Evolution by natural selection explains that variations among organisms give some of them advantages to survive or have offspring in certain environments. Selected traits are adaptations, evolved because they provided advantages to their bearers under their environmental conditions (Burian, 1982). The simplified understanding of the evolutionary process as driven solely by natural selection, exemplified by optimality models, is usually called adaptationism (Gould & Lewontin, 1979). Assumptions underlying adaptationism are that the properties of organisms can be explained as a sum of atomic features, each of them an optimization resulting from natural selection acting on alternative configurations.
Understanding organisms as a sum of atomic features is problematic in at least two senses. One is that if the evolution of each one is not independent of the others, then the constraints imposed by the interactions should be taken into account. This view demands to expand the theory of evolution to take into account evolutionary forces other than natural selection and historical events. Two types of constraints, constraints on adaptation and constraints of the appearance of form (Amundson, 1994) should be added to the standard models of population genetics to have a richer image of evolutionary processes. The view of evolution as a process of natural selection of each relevant trait fails to take into account evolutionary forces different from natural selection, such as genetic drift or pleiotropy, which are constraints on adaptation. On the other hand, the influence of developmental processes in evolution requires models of the capacity of matter to self-organize. Natural selection acting on genetic variation is not creative enough to account for the origin of form and organization of living systems (see Kauffmann, 1993; Depew & Weber, 1995). Thus, a consideration of both the historical and contingent processes and the intrinsic self-organizing capacities of living systems can expand the explanatory resources of evolutionary biology. Not every force in evolution is natural selection and not everything on which selection acts is random variation.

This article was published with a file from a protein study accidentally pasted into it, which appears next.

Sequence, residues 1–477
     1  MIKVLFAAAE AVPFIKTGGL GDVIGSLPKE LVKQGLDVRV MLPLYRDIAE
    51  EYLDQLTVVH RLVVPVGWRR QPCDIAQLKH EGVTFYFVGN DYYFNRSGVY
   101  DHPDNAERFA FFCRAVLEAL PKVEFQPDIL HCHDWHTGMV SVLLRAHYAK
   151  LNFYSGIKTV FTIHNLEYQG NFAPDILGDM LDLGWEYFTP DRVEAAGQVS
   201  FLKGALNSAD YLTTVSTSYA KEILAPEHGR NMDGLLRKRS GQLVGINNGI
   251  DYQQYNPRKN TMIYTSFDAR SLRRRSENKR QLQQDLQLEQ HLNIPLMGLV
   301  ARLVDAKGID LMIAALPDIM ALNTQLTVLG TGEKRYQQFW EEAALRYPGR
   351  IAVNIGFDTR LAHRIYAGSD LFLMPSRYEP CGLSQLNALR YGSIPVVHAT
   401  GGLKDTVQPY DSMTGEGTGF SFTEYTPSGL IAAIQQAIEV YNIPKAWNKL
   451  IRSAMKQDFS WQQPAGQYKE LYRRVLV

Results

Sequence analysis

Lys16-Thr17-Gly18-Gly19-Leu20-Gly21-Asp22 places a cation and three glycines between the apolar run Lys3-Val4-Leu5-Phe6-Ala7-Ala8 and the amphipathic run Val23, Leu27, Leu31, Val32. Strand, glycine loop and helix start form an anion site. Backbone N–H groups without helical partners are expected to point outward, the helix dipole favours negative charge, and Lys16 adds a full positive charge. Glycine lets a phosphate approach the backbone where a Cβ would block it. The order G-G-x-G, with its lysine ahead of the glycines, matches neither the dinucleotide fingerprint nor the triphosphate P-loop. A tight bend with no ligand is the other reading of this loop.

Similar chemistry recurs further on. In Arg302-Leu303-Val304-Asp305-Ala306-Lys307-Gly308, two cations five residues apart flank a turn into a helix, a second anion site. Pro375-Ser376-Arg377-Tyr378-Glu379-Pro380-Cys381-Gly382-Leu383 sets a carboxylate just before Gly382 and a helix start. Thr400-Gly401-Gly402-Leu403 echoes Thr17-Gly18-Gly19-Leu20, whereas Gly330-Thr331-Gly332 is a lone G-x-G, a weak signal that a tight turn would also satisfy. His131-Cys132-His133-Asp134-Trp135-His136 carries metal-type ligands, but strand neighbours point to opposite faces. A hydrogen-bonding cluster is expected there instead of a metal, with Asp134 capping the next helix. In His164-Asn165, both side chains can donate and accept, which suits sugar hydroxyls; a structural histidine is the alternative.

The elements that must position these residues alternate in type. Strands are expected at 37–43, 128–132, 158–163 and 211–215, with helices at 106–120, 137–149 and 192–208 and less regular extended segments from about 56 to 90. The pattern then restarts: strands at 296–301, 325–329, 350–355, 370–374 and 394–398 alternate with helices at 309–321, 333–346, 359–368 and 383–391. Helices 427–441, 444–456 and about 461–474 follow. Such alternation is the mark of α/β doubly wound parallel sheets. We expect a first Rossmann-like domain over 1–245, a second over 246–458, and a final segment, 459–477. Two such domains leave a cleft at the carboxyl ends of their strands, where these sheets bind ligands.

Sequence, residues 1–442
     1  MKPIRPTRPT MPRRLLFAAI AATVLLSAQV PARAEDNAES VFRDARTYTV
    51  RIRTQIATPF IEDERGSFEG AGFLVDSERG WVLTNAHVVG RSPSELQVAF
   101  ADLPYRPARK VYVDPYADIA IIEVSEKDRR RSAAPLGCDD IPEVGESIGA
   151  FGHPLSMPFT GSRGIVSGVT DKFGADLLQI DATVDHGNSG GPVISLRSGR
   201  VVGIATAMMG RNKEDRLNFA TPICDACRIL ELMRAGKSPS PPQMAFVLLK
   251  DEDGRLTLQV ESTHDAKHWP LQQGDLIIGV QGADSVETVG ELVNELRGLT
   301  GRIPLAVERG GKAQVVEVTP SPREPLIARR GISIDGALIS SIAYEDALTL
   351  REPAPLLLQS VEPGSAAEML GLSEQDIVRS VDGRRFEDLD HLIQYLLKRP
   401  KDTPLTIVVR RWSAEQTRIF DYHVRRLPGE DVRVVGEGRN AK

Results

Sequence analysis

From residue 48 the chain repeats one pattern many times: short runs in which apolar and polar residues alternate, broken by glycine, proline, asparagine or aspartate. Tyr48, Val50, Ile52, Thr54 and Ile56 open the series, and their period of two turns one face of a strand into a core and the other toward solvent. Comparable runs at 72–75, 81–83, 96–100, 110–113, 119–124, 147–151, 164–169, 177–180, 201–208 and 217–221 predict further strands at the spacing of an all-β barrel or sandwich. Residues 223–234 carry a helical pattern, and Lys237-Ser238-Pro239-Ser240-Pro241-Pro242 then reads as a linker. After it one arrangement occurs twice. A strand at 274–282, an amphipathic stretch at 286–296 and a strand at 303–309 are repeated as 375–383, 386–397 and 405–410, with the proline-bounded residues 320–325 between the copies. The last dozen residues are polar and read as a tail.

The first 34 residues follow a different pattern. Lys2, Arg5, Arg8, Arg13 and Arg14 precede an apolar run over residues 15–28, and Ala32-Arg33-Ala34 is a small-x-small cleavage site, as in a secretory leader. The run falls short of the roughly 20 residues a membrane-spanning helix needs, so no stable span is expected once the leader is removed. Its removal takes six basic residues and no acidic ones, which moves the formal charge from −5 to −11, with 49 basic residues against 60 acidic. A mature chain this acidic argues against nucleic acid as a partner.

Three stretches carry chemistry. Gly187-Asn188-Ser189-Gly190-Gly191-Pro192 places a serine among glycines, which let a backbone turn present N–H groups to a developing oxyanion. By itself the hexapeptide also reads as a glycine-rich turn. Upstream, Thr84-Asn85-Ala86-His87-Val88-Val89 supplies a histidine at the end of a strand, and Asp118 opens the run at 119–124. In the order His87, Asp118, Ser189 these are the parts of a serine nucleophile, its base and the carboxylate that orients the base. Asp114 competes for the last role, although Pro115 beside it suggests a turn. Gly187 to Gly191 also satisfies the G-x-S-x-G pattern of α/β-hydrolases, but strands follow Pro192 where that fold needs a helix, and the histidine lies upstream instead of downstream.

Third problem: Cognition is an informational process
In the recent work in Cognitive Science, there have appeared some criticisms against the functional decomposition of the cognitive systems in three subsystems: the perceptual, the processing, and the motor. Most theories of cognition tend to focus mainly on the structure of the nervous system and ignore other aspects of the body. Often it is said that the biological system (the body at large) is energetically coupled to its environment, whereas the cognitive system (the nervous system) is informationally. A different way of organizing the internal structure of the organism according to principles inspired in the incremental organization of evolved systems was proposed by Brooks (1990). Instead of dividing the work into functional modules he proposes a behavioral decompositi­on in which modelling starts from layers of simple complete behaviors on the top of which new more complex behaviors can be added. Thus, behavioral decompo­sition is a step forward in what respects the organization of the structure of a cognitive system, but it is still unsatisfactory to account for the autonomy of the physical system. Living systems are autonomous because they behave in an articulated way without the interference of any creator, they separate themselves from the outside and internally define ways of transaction with the environment. The relation between energetic and informational (biological and cognitive) capa­cities is closely entangled. In the organization of perceptual information in living systems the internal energetic state (hunger, fear, etc.) plays a role in the way sensory stimuli from the environment become relevant (or informational) for the organism. Also, many transactions with the environment involve mainly forces acting on the agent and the environment, rather than information (Smithers, 1994).